WVU got one more scoring drive after Fannin's touchdown, managing a field goal to claim a brief 30-27 lead, but that was it. Noel Devine and Jarrett Brown are marvelous football players, but in the second half they both clearly were affected by the poundings they'd absorbed from a Tiger defense that just wouldn't be worn down. That defense, allegedly vulnerable to the pass but revitalized this year by finally getting help from their offensive teammates, responded to WVU's change in tactics with a flurry of interceptions that put the game away.
So here's what I really took away from the West Virginia game--other than some really wet clothes, that is: Auburn is good, but more importantly Auburn is showing that it can be better than good. As noted above, you can beat a good team if you attack the right spots, but when you successfully attack those spots only to see the other guys adjust to you and start hitting you where you didn't expect it... then you're in trouble, because you've just found yourself playing something beyond a merely good football team.
Auburn is going to have to be better than merely good to continue the recovery run they're on right now. After a brief breather this Saturday, the Tigers are facing a brutal five-week all-SEC October stretch that includes three away games. They're going to need every bit of confidence and experience they've built up in this opening month to make it through successfully (to say nothing of some luck in the no-injuries department), but so far, if you're not feeling optimistic about Auburn's future, you either have a closet full of red polyester or you simply haven't been paying attention.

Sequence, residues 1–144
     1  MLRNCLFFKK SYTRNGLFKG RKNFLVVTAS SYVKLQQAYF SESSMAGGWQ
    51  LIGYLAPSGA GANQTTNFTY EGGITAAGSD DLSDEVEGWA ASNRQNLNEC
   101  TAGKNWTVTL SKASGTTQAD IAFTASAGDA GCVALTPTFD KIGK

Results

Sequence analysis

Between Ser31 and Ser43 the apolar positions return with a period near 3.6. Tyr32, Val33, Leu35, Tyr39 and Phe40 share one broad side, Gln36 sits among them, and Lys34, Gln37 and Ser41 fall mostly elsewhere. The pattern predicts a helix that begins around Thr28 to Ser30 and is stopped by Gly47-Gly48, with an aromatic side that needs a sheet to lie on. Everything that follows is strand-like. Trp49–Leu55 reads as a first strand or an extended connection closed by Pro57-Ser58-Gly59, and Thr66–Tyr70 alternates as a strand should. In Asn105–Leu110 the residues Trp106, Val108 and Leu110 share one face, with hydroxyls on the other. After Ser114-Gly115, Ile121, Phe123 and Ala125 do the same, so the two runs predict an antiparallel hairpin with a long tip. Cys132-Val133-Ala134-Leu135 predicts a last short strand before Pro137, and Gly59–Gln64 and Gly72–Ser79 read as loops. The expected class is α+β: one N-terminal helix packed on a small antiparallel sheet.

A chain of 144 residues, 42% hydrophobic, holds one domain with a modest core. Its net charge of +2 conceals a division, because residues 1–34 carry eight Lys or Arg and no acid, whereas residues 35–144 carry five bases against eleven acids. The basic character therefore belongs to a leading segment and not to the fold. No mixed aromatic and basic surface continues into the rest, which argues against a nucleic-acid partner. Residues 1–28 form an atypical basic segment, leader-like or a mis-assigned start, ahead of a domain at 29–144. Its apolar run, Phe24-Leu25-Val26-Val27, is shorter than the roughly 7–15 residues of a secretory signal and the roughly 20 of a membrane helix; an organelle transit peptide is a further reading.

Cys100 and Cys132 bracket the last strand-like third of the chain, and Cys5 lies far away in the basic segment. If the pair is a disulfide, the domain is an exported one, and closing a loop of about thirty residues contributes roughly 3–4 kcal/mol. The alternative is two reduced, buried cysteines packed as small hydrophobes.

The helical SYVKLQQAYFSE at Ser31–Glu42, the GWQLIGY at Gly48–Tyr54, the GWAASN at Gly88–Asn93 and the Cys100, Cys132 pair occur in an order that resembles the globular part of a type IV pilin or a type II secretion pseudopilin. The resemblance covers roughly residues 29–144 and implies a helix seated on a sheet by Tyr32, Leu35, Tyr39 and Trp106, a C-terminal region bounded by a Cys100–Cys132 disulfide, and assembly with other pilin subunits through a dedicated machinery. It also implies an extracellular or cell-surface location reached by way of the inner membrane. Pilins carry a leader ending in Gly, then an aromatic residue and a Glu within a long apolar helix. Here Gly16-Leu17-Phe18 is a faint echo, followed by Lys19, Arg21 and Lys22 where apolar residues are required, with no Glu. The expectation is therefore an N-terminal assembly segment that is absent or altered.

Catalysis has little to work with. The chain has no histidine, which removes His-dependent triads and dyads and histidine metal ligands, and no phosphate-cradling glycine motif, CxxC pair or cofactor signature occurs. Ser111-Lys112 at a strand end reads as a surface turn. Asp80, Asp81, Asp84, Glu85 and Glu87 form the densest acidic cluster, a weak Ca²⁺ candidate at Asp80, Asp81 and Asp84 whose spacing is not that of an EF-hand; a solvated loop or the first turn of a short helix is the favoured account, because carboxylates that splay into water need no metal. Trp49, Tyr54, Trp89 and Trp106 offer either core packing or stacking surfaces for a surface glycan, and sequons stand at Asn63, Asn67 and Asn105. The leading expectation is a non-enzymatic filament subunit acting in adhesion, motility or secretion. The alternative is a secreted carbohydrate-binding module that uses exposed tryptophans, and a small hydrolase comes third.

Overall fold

* * *
You may have asked yourself sometime Sunday afternoon, "Self, why the hell is Auburn still unranked in the polls?" The answer--and the situation--encapsulate everything that's wrong with Division 1-A's (spare me the dumb new PR acronym) disgraceful lack of a legitimate championship system. Auburn isn't ranked yet largely because the AP poll is mostly populated by local beat writers, who barely have time to cover their own assigned team on a given Saturday (and the same applies to the various Sports Information Directors who actually fill out the ballots in the "coaches" poll).
Those voters catch up at the end of the day by watching highlights on ESPN--but ESPN barely mentions unranked teams, and rarely airs highlights of their games. Since Auburn and West Virginia were both unranked in the preseason--and so weren't ranked in the following two weeks' polls--there were no highlights afterwards, essentially communicating to the AP voters that no game of note actually took place. No preseason ranking (never mind that the previous year's finish, by the written but ignored rules of the polls, should have no bearing) means no highlights, no highlights meant no new ranking. Just another example of how arbitrary and stupid the poll system is and always has been.